Employers blame few jobs on weak economy
The Employers Consultative Association of Malawi (Ecam) has blamed the limited number of jobs created in the country on weak economy over the past seven years.
Ecam President, Emmanuel Banda, told Times Business on Wednesday that the weak economic activities have resulted in businesses downsizing while others have folded.
Banda said that most firms that are operating are in survival mode; therefore, they cannot afford to employ extra personnel.
“The past couple of years have been tough for the employer as the economy has remained weak. But we remain confident that once economic activities pick up, jobs will start coming again,” said Banda.
According to the 2013 Malawi Labour Force Survey (MLFS) seven million people within the age group 15-64 were in the labour force. Of this total, 3.3 million were males and 3.7 million were females.
The survey revealed that out of the total labour force 87 percent was resident in the rural areas, 64 percent had no education and nearly half (48 percent) was under 30 years.
The survey pegs Malawi’s unemployment levels at 20 percent. “A total of 5.5 million people were employed, representing an employment rate of 80 percent. Males have a higher employment rate than females at 86 percent and 74 percent respectively. There are little differences in employment rates among employed persons with secondary education or less.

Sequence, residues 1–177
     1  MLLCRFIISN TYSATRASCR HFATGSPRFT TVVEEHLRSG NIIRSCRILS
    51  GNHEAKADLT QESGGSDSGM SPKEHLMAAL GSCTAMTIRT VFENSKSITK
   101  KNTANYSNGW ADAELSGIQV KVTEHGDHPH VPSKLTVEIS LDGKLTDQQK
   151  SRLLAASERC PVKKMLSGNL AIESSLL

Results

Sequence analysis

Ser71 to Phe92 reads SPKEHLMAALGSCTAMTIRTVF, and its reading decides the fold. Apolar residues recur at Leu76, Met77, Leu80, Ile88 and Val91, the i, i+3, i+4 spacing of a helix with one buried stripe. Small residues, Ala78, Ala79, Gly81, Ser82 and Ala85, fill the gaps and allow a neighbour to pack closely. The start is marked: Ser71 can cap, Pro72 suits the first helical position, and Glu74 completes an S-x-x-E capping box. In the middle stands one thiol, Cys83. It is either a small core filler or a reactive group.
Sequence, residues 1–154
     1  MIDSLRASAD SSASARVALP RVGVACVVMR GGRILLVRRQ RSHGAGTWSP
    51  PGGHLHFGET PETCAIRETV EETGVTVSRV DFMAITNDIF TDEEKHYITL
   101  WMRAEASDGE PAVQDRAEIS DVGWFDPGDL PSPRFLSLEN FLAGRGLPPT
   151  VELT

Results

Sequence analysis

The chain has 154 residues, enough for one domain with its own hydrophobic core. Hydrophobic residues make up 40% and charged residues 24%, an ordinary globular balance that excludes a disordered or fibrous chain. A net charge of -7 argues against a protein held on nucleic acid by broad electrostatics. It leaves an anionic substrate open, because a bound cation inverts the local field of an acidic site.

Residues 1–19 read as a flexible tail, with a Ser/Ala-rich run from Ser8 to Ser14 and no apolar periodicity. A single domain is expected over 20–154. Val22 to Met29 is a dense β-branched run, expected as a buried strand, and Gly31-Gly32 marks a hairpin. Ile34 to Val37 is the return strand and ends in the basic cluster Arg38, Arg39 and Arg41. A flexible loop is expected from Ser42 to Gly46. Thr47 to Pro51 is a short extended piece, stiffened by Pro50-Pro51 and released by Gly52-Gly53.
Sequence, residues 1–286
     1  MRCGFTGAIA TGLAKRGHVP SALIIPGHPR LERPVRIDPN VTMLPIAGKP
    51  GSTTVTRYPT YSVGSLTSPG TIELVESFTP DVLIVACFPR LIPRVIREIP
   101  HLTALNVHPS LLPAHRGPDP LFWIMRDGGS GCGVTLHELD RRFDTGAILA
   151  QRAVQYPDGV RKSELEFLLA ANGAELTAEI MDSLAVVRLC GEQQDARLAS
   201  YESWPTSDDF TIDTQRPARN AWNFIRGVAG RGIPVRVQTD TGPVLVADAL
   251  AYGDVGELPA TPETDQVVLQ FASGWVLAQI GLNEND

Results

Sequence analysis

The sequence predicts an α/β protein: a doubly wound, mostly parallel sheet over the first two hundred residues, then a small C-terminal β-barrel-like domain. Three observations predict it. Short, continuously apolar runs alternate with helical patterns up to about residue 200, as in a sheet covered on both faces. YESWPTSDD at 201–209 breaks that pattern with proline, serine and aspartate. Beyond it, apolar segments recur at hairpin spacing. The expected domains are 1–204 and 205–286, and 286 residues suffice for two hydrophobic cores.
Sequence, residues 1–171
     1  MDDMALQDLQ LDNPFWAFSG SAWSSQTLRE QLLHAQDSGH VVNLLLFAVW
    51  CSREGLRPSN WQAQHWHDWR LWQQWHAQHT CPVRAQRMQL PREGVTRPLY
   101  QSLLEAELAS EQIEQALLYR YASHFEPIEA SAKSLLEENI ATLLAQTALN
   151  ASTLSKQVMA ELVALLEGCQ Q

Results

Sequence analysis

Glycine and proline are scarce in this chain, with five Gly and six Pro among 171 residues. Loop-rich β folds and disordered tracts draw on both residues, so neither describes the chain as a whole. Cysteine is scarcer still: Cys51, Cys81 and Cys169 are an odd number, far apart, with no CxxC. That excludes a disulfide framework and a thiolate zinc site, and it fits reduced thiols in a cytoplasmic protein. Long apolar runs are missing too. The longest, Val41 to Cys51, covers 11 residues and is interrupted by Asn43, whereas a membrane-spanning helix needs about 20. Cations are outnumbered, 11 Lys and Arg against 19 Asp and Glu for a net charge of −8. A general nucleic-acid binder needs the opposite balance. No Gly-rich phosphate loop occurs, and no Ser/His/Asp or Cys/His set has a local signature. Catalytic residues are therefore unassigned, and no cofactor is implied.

According to the survey, only four percent of employed persons were in managerial, professional technicians and associated professional occupations. A majority of employed persons were absorbed in agriculture, forestry and fishing (64 percent) and wholesale, retail and repair of motor vehicles (16 percent).
Banda said that though times have remained hard for the employer, they could still play a vital role by opening up to offer internships to the youth who could get the much needed experience and start their own businesses.
“For the youths to start their own business and reduce unemployment, they need mentorship. Giving them a chance to work with the experienced guys through internships could help them understand the operating environment,” said Banda.
Malawi’s economy has been in the doldrums since 2008 when it was rated the second fastest growing in the world after Qatar.
Over the years, authorities have attempted to craft strategies to jump start with economy, including the Economic Recovery Plan of 2012, but with no success.
This has resulted in the economy growing at an average of less than three percent per annum as compared to the 6 percent growth Malawi requires to maintain the current poverty levels.